Using Emotional Intelligence to Communicate in a Health Care Setting

Before discussing how a healthcare worker uses emotional intelligence when establishing communication with a client in a health care environment, it is imperative to first have a clear understanding of what emotional intelligence is. Only then can we assess how it is used by a healthcare worker when communicating with client and its relevance in such a setting. Defining what communication means in this context is also important to understanding how a healthcare worker uses emotional intelligence to establish effective discourse with a client.

Communication is much more than just words and encompasses intrapersonal, interpersonal and observational skills which are critical when communicating with a client. With this in mind, it could be said effective communication and emotional intelligence are intrinsically linked and dependent on each other. According to Akerjordet and Severinsson (2007, p. 1406), emotional intelligence was first defined by Mayer (1990) as the ability of a person to regulate their emotional state and understand what impact emotions have on an individual’s actions and thought processes.

Expanding on this broad definition, Ioannidou and Konstantikaki (2008, p. 121) lists five key elements of emotional intelligence. Firstly one must understand their emotions, then exercise control over their emotions, have clear emotional incentives, acknowledge other’s emotions, and finally, manage their relationships with others. Using these fundamental elements of emotional intelligence, it becomes possible to explore how a healthcare worker might employ these skills when communicating with a patient. Defining what is meant by communication in this context needs to be briefly explored.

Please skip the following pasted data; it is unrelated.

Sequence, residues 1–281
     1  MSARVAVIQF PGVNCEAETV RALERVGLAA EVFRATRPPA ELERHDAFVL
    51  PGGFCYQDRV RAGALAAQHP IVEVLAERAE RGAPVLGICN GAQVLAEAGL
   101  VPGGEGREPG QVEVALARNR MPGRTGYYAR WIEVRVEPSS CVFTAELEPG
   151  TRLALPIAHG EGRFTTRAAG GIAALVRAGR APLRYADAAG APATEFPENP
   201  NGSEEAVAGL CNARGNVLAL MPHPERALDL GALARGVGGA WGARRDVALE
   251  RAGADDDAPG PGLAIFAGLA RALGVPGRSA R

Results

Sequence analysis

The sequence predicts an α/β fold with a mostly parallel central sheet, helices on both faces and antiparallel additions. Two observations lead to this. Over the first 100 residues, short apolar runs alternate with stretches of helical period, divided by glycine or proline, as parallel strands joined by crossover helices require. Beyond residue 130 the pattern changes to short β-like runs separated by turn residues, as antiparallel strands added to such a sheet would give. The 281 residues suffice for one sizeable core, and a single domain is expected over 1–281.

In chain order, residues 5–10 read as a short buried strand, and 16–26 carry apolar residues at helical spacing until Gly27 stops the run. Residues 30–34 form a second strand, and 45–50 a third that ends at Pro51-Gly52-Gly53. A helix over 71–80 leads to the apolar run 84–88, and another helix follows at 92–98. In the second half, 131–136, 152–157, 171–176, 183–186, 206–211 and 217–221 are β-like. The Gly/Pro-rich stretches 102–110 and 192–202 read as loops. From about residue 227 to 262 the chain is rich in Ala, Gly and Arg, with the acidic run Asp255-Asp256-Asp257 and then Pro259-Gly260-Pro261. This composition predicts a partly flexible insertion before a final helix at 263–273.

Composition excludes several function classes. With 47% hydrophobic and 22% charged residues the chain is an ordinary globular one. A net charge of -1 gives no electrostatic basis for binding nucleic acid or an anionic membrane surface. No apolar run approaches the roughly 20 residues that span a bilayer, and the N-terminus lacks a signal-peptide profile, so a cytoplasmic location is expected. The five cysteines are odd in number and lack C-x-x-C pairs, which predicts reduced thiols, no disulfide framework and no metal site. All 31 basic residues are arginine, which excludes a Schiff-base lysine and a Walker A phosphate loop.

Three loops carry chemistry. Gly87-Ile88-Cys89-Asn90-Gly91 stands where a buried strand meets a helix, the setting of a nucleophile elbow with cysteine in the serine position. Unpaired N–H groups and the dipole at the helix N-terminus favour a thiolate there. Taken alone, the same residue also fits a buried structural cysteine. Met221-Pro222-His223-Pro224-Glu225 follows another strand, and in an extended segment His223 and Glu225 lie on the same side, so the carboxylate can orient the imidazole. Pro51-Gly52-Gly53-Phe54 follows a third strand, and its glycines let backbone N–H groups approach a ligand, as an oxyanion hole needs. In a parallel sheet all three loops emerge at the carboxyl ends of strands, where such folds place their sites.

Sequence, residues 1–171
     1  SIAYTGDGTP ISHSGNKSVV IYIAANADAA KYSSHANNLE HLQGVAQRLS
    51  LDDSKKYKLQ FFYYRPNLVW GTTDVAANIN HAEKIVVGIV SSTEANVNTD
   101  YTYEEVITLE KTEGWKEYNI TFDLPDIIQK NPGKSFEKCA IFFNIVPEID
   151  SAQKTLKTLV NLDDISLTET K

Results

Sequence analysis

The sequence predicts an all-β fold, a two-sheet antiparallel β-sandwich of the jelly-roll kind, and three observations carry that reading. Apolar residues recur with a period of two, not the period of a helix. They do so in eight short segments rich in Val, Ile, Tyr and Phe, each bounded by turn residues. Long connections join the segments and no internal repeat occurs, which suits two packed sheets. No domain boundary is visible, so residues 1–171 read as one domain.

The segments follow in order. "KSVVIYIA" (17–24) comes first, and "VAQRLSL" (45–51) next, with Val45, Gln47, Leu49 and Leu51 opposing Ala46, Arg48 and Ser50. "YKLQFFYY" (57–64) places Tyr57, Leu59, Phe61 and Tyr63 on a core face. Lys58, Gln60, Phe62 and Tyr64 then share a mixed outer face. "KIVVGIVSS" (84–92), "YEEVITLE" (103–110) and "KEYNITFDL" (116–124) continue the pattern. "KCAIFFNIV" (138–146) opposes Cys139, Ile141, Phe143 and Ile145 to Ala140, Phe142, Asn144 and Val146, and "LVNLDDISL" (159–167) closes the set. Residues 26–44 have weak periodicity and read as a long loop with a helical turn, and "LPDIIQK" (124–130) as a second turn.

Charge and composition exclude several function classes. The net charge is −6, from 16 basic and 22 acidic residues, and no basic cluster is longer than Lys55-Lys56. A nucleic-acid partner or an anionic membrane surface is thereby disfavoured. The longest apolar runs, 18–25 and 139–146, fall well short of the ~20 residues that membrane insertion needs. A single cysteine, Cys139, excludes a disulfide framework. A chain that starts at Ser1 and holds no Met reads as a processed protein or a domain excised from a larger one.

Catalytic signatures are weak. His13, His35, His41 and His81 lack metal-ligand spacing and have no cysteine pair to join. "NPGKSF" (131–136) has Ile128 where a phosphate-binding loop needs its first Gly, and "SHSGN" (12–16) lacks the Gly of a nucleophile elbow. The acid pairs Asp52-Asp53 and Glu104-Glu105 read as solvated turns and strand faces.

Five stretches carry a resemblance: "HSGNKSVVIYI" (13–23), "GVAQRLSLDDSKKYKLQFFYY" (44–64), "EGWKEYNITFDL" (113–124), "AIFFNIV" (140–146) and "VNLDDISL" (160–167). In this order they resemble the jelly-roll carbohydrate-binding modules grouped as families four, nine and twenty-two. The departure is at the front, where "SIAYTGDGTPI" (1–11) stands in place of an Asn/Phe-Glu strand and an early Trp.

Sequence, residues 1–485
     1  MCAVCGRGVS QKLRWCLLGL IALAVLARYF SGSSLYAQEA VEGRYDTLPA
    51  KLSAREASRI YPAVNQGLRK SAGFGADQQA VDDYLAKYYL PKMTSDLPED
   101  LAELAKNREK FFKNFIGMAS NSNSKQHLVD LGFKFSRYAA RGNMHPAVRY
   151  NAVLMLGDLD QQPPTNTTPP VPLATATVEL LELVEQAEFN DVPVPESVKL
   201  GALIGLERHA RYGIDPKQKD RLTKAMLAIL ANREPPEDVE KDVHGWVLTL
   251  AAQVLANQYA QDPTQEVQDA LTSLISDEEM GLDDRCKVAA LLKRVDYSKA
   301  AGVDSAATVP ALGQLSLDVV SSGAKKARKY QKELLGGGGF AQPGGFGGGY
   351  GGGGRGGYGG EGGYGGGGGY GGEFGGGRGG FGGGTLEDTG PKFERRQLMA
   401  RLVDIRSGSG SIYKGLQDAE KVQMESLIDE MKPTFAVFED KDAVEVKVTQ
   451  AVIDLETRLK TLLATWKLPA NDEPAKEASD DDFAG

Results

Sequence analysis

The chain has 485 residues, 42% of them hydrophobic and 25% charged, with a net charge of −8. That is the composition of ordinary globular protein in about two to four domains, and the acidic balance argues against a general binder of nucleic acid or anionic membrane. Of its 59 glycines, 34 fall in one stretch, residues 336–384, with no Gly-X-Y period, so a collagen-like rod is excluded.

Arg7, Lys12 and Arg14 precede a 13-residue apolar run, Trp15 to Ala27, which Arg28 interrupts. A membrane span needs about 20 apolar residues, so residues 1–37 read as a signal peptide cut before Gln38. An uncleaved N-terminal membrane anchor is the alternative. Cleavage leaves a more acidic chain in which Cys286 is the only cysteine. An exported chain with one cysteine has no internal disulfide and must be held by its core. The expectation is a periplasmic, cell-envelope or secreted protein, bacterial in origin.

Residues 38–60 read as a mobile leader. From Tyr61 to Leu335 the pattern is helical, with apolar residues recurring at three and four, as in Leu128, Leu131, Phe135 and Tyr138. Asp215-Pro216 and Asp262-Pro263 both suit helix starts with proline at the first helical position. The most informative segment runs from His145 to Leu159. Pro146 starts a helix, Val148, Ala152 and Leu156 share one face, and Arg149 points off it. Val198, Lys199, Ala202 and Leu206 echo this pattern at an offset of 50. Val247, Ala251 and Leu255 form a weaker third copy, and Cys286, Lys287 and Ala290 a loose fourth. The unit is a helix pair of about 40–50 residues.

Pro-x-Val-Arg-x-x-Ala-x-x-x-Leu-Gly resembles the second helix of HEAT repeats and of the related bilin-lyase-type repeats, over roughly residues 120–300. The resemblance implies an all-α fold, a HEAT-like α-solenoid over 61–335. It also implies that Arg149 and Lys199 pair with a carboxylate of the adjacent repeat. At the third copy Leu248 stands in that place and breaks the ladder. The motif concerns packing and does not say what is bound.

When evaluating communication from within the Roper, Logan and Tierney model, it’s clear that communication is a key component of the relationship between healthcare worker and patient. Assessing a patient’s ability to hear, their cognitive and emotional wellbeing, language, social skills and cultural nuances is essential to establishing effective communication (Holland et al, 2008). As McEwen and Kraszewski (2010, p. 1) point out, understanding and engaging various modes of communication affords the healthcare worker an opportunity to critically analyse the interactions between themselves and the patient.